Frogs, Water Lilies and Arbitration

A California appellate court has refused to enforce a contractual arbitration provision “because the clause is as inconspicuous as a frog in a thicket of water lilies.” As the court explained in Domestic Linen Supply Company, Inc. v. LJT Flowers, Inc.,

“Here the trial court could reasonably determine that there was no agreement to arbitrate. The form of the rental agreement is deceptive. The arbitration clause is not above the purchaser’s signature, where one would expect to find it. Instead, it is after the purchaser’s signature, on the back of the agreement. The back is filled from top to bottom with closely spaced lines of small type. The arbitration clause is number 15 of 21 paragraphs. There is nothing to distinguish paragraph 15 from any other paragraph. There is no heading, boldface, italics, or capitalization that would draw attention to it. It is simply hidden in a thicket of fine print. The warning that the garments Domestic provides are not fire-resistant is in capitalized, boldface type, but not the provision waiving the purchaser’s constitutional right to a jury trial.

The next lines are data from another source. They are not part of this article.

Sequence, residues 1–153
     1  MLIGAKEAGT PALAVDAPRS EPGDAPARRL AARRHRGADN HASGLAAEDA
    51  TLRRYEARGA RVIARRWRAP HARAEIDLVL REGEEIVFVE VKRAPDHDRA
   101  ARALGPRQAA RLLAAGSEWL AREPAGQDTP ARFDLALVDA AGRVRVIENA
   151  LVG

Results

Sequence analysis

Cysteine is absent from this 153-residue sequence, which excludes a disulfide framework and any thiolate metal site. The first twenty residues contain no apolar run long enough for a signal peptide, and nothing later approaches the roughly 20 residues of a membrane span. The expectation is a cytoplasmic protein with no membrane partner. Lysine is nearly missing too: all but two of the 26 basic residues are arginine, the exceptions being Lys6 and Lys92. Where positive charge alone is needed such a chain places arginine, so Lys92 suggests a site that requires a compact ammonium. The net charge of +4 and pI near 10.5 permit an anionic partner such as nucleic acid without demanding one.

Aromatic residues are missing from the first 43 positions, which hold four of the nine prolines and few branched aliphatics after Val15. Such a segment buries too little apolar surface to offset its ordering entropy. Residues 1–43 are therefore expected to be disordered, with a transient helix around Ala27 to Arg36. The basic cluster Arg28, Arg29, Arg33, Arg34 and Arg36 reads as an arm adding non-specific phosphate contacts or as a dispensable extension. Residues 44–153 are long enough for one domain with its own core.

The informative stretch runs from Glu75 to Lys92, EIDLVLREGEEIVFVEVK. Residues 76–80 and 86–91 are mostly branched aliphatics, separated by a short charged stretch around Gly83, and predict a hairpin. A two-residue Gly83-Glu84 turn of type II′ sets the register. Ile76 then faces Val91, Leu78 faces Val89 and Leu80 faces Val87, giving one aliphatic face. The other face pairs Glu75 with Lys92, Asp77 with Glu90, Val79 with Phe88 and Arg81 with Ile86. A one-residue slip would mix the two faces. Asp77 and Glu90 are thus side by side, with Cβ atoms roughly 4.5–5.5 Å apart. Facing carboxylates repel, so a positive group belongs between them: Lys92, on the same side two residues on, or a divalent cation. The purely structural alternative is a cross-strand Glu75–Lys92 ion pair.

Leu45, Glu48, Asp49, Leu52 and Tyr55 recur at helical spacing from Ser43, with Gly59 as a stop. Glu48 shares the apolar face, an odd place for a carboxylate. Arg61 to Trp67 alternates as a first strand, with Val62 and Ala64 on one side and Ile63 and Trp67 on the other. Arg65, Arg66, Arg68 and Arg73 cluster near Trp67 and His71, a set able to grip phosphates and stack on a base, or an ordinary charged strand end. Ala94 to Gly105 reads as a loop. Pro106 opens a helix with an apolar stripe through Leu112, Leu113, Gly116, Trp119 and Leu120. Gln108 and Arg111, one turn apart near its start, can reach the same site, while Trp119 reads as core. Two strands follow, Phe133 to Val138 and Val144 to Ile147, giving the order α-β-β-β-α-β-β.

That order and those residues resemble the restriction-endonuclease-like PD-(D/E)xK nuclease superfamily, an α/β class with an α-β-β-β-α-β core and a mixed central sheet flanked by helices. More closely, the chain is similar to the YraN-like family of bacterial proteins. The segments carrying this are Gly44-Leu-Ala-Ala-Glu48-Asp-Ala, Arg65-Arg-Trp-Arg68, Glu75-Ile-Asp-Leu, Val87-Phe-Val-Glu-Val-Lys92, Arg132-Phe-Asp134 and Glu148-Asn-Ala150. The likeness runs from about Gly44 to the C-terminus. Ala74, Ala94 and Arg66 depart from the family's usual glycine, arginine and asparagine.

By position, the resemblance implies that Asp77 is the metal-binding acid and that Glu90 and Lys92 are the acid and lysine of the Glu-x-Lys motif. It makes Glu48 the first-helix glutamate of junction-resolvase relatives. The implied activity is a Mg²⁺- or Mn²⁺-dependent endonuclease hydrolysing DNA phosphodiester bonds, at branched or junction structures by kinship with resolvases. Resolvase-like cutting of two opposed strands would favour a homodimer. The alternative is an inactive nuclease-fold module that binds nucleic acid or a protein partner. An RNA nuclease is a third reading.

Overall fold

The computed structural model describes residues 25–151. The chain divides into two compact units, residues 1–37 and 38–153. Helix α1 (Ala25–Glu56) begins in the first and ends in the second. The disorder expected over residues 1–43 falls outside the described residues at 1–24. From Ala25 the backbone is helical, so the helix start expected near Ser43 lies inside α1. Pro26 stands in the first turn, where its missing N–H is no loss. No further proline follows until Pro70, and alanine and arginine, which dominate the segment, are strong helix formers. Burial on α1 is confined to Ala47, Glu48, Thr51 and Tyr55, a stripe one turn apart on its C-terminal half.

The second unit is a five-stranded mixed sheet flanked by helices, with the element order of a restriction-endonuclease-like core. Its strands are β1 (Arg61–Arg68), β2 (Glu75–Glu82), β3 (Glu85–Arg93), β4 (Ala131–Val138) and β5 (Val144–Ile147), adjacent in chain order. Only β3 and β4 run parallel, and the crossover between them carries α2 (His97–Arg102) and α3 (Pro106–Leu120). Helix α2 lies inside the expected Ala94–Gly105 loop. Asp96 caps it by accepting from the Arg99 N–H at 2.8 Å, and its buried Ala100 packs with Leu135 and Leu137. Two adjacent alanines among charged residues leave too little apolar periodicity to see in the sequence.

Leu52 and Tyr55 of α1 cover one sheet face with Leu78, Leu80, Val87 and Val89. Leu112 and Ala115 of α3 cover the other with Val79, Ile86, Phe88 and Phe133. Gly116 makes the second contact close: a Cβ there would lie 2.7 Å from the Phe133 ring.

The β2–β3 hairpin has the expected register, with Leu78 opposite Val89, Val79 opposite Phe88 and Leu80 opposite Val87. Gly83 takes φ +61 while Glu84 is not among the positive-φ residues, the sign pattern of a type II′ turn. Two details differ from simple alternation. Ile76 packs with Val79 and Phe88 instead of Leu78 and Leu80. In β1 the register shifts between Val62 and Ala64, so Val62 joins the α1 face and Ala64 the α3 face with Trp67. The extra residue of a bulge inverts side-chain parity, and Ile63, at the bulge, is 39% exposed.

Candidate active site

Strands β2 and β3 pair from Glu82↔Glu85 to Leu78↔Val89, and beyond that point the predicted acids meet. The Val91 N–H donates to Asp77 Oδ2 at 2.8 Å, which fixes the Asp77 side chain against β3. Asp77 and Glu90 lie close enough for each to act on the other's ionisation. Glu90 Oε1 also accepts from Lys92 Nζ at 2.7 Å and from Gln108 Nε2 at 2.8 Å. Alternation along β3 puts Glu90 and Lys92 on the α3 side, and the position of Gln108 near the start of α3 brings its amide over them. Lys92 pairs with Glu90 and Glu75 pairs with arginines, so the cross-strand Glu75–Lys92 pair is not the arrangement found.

“Moreover, Domestic’s sales representatives are not trained to bring attention to the arbitration clause. Instead, they are advised to have the purchaser read the personal guaranty while they fill out the contract, thus diverting the purchaser’s attention from the back of the contract. There is no mention of arbitration in the personal guaranty.

“If the contract is not intentionally deceptive, it has that effect. There was simply no agreement to arbitrate.”

Adding insult to injury, the party seeking to enforce the arbitration provision was required to pay the attorneys’ fees of the prevailing party.

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